Structural dissociation is an event, pure and simple as that. It’s a point in time where the mind and brain have become so overwhelmed with trauma that could not be processed into memory that it caused the personality to literally change in response. To understand the process one must engorge themselves with neurology and psychobiology, but the offset can be explained rather simply. It goes like this. A child is overwhelmed due to inattention to their basic innate human needs and as a result parts of their brain do not form correctly resulting in an inability of the mind and brain to successfully connect in such a way that it would allow for trauma material entering the mind to be picked up by the brain, the hippocampus of the brain to be more exact, and then be sent along its way to storage in the memory system of the brain. That’s normal; what’s not normal is the following. (Lanius et al., 2014) (Giuseppe et al.,2014) (Vermetten et al., 2007) (van der Hart et al., 2006)
Structural dissociation as it’s related to dissociative identity disorder is a comparison of innate evolutionary lines that were crossed, exposed and determined by the human condition known as life. It’s imperative that humans relate to one another in a kind and welcoming fashion because anything else in perceived as a danger, and an infant picks this up. A child in the wrong hands can be fashioned to become anything. It is interesting that while there are fixed behaviors, levels of intelligence, genetic traits and diseases, the bulk of the rest is maintained by insolence. A baby who is coddled can become an overbearing child and an anxious and unfriendly adult, while an infant that is severely abused can become needy, with fluctuating emotions and behaviors. Beyond what is innate is indeed in the hands of our caregivers. (Lanius et al., 2014)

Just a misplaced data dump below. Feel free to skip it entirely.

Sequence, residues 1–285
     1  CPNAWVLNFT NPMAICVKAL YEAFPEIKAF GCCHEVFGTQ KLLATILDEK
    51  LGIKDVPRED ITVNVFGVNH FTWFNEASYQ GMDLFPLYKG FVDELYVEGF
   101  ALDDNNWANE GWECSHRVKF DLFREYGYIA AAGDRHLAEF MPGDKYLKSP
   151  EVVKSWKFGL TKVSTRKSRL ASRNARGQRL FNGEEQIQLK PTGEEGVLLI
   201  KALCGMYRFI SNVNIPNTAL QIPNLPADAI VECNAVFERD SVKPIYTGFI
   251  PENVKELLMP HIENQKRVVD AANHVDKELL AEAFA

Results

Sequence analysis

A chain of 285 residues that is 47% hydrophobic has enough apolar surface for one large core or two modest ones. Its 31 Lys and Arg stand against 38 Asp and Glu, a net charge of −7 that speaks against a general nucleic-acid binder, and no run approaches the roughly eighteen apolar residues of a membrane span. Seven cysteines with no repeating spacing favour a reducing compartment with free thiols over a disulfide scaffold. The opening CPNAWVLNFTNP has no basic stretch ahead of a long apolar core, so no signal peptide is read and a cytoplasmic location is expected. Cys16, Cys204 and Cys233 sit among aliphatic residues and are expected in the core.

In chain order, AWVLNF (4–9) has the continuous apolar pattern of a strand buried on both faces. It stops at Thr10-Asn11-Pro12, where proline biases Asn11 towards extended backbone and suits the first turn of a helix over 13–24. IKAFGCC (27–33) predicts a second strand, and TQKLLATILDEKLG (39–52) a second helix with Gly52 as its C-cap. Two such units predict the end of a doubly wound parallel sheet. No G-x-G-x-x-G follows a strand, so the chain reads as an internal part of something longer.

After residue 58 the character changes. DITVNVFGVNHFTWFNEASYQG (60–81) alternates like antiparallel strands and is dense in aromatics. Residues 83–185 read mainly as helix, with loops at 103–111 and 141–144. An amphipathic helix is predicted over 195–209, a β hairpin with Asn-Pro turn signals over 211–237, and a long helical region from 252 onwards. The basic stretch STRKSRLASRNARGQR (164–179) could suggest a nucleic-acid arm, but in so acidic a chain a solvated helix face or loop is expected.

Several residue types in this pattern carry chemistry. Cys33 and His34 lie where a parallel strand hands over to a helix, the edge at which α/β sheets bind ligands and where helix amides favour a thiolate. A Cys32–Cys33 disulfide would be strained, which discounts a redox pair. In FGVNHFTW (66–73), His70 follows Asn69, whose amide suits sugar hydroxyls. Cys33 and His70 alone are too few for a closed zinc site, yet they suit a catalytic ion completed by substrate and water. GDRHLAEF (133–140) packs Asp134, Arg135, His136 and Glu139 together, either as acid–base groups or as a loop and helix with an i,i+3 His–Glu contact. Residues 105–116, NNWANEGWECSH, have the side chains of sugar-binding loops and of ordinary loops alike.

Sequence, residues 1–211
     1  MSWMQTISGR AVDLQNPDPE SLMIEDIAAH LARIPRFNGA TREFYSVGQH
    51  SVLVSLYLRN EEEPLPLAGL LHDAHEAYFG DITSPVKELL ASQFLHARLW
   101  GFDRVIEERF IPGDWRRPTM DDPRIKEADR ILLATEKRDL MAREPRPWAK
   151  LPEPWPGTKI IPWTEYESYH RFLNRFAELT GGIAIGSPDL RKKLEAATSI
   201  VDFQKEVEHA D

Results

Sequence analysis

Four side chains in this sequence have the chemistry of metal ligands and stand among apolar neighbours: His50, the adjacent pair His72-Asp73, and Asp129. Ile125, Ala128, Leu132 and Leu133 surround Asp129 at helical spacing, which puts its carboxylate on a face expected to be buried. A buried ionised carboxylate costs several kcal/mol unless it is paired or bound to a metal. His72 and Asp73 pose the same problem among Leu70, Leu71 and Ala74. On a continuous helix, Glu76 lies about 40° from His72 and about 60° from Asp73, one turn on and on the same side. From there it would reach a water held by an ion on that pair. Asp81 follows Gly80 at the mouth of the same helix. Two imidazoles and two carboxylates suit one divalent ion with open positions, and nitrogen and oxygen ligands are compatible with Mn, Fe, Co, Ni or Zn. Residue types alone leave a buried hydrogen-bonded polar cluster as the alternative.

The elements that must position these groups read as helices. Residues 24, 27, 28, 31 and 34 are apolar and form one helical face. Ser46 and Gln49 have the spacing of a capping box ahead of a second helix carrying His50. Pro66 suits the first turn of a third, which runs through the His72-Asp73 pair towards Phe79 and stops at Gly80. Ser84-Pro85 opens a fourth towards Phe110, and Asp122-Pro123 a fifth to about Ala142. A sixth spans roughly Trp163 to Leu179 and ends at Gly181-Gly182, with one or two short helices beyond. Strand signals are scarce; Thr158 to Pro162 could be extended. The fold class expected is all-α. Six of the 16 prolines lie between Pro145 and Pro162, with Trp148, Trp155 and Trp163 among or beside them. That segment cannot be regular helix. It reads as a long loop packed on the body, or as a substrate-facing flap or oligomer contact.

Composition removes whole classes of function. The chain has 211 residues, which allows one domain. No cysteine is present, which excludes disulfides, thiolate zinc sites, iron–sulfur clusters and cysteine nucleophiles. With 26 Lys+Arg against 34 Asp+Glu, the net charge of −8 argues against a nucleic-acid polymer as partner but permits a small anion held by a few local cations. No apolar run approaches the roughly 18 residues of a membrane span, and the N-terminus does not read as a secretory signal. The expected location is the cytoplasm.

Structural dissociation is a process that culminates in creating a distinct, and a less than distinct state, and it results in the ability to isolated trauma from the distinct state, to a certain degree, depending on the resulting mental disorder. Once this happens then the child is able to calm for what might be the first time in their young life. Prior to structural dissociation, a child will have been residing in the polyvagal response of fear. Their brain has been unable to calm due to many factors, but most of all due to a lack of soothing by their primary caregiver. In the case of dissociative identity disorder, these children are also in pain, isolated, lacking proper temperature regulation and their bellies are empty. They are in a state of distress, which would do little harm if they were comforted. (van der Hart et al., 2006)
A baby and young child needs a consistent adult in which they can mirror and who shows them kindness. Consider a relatively young child who instead of a kind parent, had a mother who hated the very site of him. That child would find out eventually that other parents are not like her. He would be confused as to why he was hated so, and nothing would make sense. He has to attach to the woman who is mean to him, but it’s not something that is done in a few weeks time. He has to form the bond throughout his childhood. (van der Hart et al., 2006)
After structural dissociation takes place and personality states have been created then different states can attempt to bond, and if they fail they are replaced by another one. Eventually there will be one distinct state that is able to form some type of attachment with their prim nary caregiver.